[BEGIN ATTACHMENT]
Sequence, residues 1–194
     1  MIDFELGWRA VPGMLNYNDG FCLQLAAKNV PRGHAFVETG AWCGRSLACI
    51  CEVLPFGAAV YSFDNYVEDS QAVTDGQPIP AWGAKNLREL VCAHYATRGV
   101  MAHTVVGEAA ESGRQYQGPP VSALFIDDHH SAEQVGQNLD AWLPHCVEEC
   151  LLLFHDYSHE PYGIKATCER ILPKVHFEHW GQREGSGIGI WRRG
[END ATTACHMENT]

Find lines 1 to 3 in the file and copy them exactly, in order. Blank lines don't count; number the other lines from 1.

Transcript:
Sequence, residues 1–194
     1  MIDFELGWRA VPGMLNYNDG FCLQLAAKNV PRGHAFVETG AWCGRSLACI
    51  CEVLPFGAAV YSFDNYVEDS QAVTDGQPIP AWGAKNLREL VCAHYATRGV